Touch and Go - D. H. Lawrence - ebook
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WILLIE HOUGHTON: What's the matter with you folks, as I've told you before, and as I shall keep on telling you every now and again, though it doesn't make a bit of difference, is that you've got no idea of freedom whatsoever. I've lived in this blessed place for fifty years, and I've never seen the spark of an idea, nor of any response to an idea, come out of a single one of you, all the time. I don't know what it is with colliers--whether it's spending so much time in the bowels of the earth--but they never seem to be able to get their thoughts above their bellies. If you've got plenty to eat and drink, and a bit over to keep the missis quiet, you're satisfied. I never saw such a satisfied bloomin' lot in my life as you Barlow and Walsall's men are, really. Of course you can growse as well as anybody, and you do growse. But you don't do anything else. You're stuck in a sort of mud of contentment, and you feel yourselves sinking, but you make no efforts to get out. You bleat a bit, like sheep in a bog--but you like it, you know. You like sinking in--you don't have to stand on your own feet then.

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Table of contents

CHARACTERS

ACT I

ACT II

ACT III

CHARACTERS

GERALD BARLOWMR BARLOW (his father)OLIVER TURTONJOB ARTHUR FREERWILLIE HOUGHTONALFRED BREFFITTWILLIAM (a butler)CLERKS, MINERS, etc.ANABEL WRATHMRS BARLOWWINIFRED BARLOWEVA (a maid)

ACT I

SCENE I: Market-place of a Midland mining villageSCENE II: Winifred's studio at Lilley Close

ACT II

Drawing-room at Lilley Close

ACT III

SCENE I: An old parkSCENE II: Same as Act I Scene I

ACT I

SCENE I

Sunday morning. Market-place of a large mining village in the Midlands. A man addressing a small gang of colliers from the foot of a stumpy memorial obelisk. Church bells heard. Churchgoers passing along the outer pavements.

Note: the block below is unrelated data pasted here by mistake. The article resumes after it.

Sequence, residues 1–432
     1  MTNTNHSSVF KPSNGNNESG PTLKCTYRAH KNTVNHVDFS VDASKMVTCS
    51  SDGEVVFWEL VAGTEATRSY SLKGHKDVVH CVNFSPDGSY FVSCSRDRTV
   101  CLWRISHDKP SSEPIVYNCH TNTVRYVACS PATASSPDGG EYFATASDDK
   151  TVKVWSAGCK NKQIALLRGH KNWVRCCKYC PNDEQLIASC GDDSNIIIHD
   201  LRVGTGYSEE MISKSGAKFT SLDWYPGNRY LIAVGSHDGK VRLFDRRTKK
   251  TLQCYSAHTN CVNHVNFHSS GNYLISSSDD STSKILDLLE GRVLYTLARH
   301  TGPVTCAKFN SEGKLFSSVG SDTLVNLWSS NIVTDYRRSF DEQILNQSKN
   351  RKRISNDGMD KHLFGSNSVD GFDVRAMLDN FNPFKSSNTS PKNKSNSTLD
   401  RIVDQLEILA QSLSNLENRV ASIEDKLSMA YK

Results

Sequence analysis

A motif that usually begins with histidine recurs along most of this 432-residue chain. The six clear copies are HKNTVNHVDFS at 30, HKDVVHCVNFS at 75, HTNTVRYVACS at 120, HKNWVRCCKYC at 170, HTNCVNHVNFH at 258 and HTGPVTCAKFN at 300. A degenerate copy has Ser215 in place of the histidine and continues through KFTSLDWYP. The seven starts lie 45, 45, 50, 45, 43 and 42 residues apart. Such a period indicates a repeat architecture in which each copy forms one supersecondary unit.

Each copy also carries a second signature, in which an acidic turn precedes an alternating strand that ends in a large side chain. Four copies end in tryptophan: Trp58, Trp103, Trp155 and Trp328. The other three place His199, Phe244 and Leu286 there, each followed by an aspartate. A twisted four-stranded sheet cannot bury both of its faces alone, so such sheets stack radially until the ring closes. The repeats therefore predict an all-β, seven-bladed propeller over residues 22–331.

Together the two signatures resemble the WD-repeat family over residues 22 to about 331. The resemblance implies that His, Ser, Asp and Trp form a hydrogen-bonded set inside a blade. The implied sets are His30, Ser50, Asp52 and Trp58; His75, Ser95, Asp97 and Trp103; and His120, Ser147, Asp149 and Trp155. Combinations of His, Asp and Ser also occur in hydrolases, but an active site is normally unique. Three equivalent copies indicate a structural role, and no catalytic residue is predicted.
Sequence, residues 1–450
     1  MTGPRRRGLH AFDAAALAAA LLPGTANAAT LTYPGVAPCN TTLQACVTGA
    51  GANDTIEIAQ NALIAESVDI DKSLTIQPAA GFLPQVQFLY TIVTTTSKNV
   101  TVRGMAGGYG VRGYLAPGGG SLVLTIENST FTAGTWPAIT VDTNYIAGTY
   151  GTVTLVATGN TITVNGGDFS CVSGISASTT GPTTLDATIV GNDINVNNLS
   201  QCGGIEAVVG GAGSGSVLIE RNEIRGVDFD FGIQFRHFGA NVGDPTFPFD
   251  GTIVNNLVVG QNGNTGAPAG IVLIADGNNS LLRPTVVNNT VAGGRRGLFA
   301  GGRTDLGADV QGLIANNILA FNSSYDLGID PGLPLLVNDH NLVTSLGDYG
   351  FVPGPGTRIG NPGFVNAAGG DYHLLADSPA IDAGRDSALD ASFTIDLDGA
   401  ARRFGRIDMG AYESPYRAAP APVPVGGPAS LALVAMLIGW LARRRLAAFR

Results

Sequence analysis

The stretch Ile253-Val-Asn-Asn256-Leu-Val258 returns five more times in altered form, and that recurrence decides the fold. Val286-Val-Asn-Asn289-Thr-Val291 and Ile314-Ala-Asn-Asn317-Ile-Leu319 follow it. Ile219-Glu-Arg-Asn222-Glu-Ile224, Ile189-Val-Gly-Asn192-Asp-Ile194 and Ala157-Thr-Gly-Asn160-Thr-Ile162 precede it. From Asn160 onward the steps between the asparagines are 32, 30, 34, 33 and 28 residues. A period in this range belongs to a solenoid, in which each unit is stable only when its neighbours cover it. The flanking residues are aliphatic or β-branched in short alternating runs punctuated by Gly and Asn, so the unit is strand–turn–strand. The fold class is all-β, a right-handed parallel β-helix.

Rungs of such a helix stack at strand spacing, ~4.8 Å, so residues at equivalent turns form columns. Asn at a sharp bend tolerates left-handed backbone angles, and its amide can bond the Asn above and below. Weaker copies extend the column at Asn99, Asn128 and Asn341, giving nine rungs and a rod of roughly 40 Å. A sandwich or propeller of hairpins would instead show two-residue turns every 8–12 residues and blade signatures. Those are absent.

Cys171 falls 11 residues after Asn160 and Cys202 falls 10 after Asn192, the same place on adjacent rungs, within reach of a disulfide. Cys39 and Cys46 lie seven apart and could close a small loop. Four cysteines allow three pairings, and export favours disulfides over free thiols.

WILLIE HOUGHTON: What's the matter with you folks, as I've told you before, and as I shall keep on telling you every now and again, though it doesn't make a bit of difference, is that you've got no idea of freedom whatsoever. I've lived in this blessed place for fifty years, and I've never seen the spark of an idea, nor of any response to an idea, come out of a single one of you, all the time. I don't know what it is with colliers--whether it's spending so much time in the bowels of the earth--but they never seem to be able to get their thoughts above their bellies. If you've got plenty to eat and drink, and a bit over to keep the missis quiet, you're satisfied. I never saw such a satisfied bloomin' lot in my life as you Barlow and Walsall's men are, really. Of course you can growse as well as anybody, and you do growse. But you don't do anything else. You're stuck in a sort of mud of contentment, and you feel yourselves sinking, but you make no efforts to get out. You bleat a bit, like sheep in a bog--but you like it, you know. You like sinking in--you don't have to stand on your own feet then.I'll tell you what'll happen to you chaps. I'll give you a little picture of what you'll be like in the future. Barlow and Walsall's 'll make a number of compounds, such as they keep niggers in in South Africa, and there you'll be kept. And every one of you'll have a little brass collar round his neck, with a number on it. You won't have names any more. And you'll go from the compound to the pit, and from the pit back again to the compound. You won't be allowed to go outside the gates, except at weekends. They'll let you go home to your wives on Saturday nights, to stop over Sunday. But you'll have to be in again by half-past nine on Sunday night; and if you're late, you'll have your next week-end knocked off. And there you'll be--and you'll be quite happy. They'll give you plenty to eat, and a can of beer a day, and a bit of bacca--and they'll provide dominoes and skittles for you to play with. And you'll be the most contented set of men alive.--But you won't be men. You won't even be animals. You'll go from number one to number three thousand, a lot of numbered slaves--a new sort of slaves--VOICE: An' wheer shall thee be, Willie?WILLIE: Oh, I shall be outside the palings, laughing at you. I shall have to laugh, because it'll be your own faults. You'll have nobody but yourself to thank for it. You don't want to be men. You'd rather not be free--much rather. You're like those people spoken of in Shakespeare: "Oh, how eager these men are to be slaves!" I believe it's Shakespeare--or the Bible--one or the other--it mostly is--ANABEL WRATH (passing to church): It was Tiberius.WILLIE: Eh?ANABEL: Tiberius said it.WILLIE: Tiberius!--Oh, did he? (Laughs.) Thanks! Well, if Tiberius said it, there must be something in it. And he only just missed being in the Bible, anyway. He was a day late, or they'd have had him in. "Oh, how eager these men are to be slaves!"--It's evident the Romans deserved all they got from Tiberius--and you'll deserve all you get, every bit of it. But don't you bother, you'll get it. You won't be at the mercy of Tiberius, you'll be at the mercy of something a jolly sight worse. Tiberius took the skin off a few Romans, apparently. But you'll have the soul taken out of you--every one of you. And I'd rather lose my skin than my soul, any day. But perhaps you wouldn't.VOICE: What art makin' for, Willie? Tha seems to say a lot, but tha goes round it. Tha'rt like a donkey on a gin. Tha gets ravelled.WILLIE: Yes, that's just it. I am precisely like a donkey on a gin--a donkey that's trying to wind a lot of colliers up to the surface. There's many a donkey that's brought more colliers than you up to see daylight, by trotting round.--But do you want to know what I'm making for? I can soon tell you that. You Barlow and Walsall's men, you haven't a soul to call your own. Barlow and Walsall's have only to say to one of you, Come, and he cometh; Go, and he goeth, Lie down and be kicked, and he lieth down and he is kicked--and serve him jolly well right.VOICE: Ay--an' what about it? Tha's got a behind o' thy own, hasn't ter?WILLIE: Do you stand there and ask me what about it, and haven't the sense to alter it? Couldn't you set up a proper Government to-morrow, if you liked? Couldn't you contrive that the pits belonged to you, instead of you belonging to the pits, like so many old pit-ponies that stop down till they are blind, and take to eating coal-slack for meadow-grass, not knowing the difference? If only you'd learn to think, I'd respect you. As you are, I can't, not if I try my hardest. All you can think of is to ask for another shilling a day. That's as far as your imagination carries you. And perhaps you get sevenpence ha'penny, but pay for it with half a crown's worth of sweat. The masters aren't fools--as you are. They'll give you two-thirds of what you ask for, but they'll get five-thirds of it back again--and they'll get it out of your flesh and blood, too, in jolly hard work. Shylock wasn't in it with them. He only wanted a pound of flesh. But you cheerfully give up a pound a week, each one of you, and keep on giving it up.--But you don't seem to see these things. You can't think beyond your dinners and your 'lowance. You think if you can get another shilling a day you're set up. You make me tired, I tell you.JOB ARTHUR FREER: We think of others besides ourselves.WILLIE: Hello, Job Arthur--are you there? I didn't recognise you without your frock-coat and silk hat--on the Sabbath.--What was that you said? You think of something else, besides yourselves?--Oh ay--I'm glad to hear it. Did you mean your own importance?A motor car, GERALD BARLOW driving, OLIVER TURTON with him, has pulled up.JOB ARTHUR (glancing at the car): No, I didn't.WILLIE: Didn't you, though?--Come, speak up, let us have it. The more the merrier. You were going to say something.JOB ARTHUR: Nay, you were doing the talking.WILLIE: Yes, so I was, till you interrupted, with a great idea on the tip of your tongue. Come, spit it out. No matter if Mr Barlow hears you. You know how sorry for you we feel, that you've always got to make your speeches twice--once to those above, and once to us here below. I didn't mean the angels and the devils, but never mind. Speak up, Job Arthur.JOB ARTHUR: It's not everybody as has as much to say as you, Mr Houghton.WILLIE: No, not in the open--that's a fact. Some folks says a great deal more, in semi-private. You were just going to explain to me, on behalf of the men, whom you so ably represent and so wisely lead, Job Arthur--we won't say by the nose--you were just going to tell me--on behalf of the men, of course, not of the masters--that you think of others, besides yourself. Do you mind explaining what others?JOB ARTHUR: Everybody's used to your talk, Mr Houghton, and for that reason it doesn't make much impression. What I meant to say, in plain words, was that we have to think of what's best for everybody, not only for ourselves.WILLIE: Oh, I see. What's best for everybody! I see! Well, for myself, I'm much obliged--there's nothing for us to do, gentlemen, but for all of us to bow acknowledgments to Mr Job Arthur Freer, who so kindly has all our interests at heart.JOB ARTHUR: I don't profess to be a red-rag Socialist. I don't pretend to think that if the Government had the pits it would be any better for us. No. What I mean is, that the pits are there, and every man on this place depends on them, one way or another. They're the cow that gives the milk. And what I mean is, how every man shall have a proper share of the milk, which is food and living. I don't want to kill the cow and share up the meat. It's like killing the goose that laid the golden egg. I want to keep the cow healthy and strong. And the cow is the pits, and we're the men that depend on the pits.WILLIE: Who's the cat that's going to lick the cream?JOB ARTHUR: My position is this--and I state it before masters and men--that it's our business to strike such a balance between the interests of the men and the interests of the masters that the pits remain healthy, and everybody profits.WILLIE: You're out for the millennium, I can see--with Mr Job Arthur Freer striking the balance. We all see you, Job Arthur, one foot on either side of the fence, balancing the see-saw, with masters at one end and men at the other. You'll have to give one side a lot of pudding.--But go back a bit, to where we were before the motor car took your breath away. When you said, Job Arthur, that you think of others besides yourself, didn't you mean, as a matter of fact, the office men? Didn't you mean that the colliers, led--we won't mention noses--by you, were going to come out in sympathy with the office clerks, supposing they didn't get the rise in wages which they've asked for--the office clerks? Wasn't that it?JOB ARTHUR: There's been some talk among the men of standing by the office. I don't know what they'll do. But they'll do it of their own decision, whatever it is.WILLIE: There's not a shadow of doubt about it, Job Arthur. But it's a funny thing the decisions all have the same foxy smell about them, Job Arthur.OLIVER TURTON (calling from the car): What was the speech about, in the first place?WILLIE: I beg pardon?OLIVER: What was the address about, to begin with?WILLIE: Oh, the same old hat--Freedom. But partly it's given to annoy the Unco Guid, as they pass to their Sabbath banquet of self-complacency.OLIVER: What about Freedom?WILLIE: Very much as usual, I believe. But you should have been here ten minutes sooner, before we began to read the lessons. (Laughs.)ANABEL W. (moving forward, and holding out her hand): You'd merely have been told what Freedom isn't: and you know that already. How are you, Oliver?OLIVER: Good God, Anabel!--are you part of the meeting? How long have you been back in England?ANABEL: Some months, now. My family have moved here, you know.OLIVER: Your family! Where have they moved from?--from the moon?ANABEL: No, only from Derby.--How are you, Gerald?GERALD twists in his seat to give her his hand.GERALD: I saw you before.ANABEL: Yes, I know you did.JOB ARTHUR has disappeared. The men disperse sheepishly into groups, to stand and sit on their heels by the walls and the causeway edge. WILLIE HOUGHTON begins to talk to individuals.OLIVER: Won't you get in and drive on with us a little way?ANABEL: No, I was going to church.OLIVER: Going to church! Is that a new habit?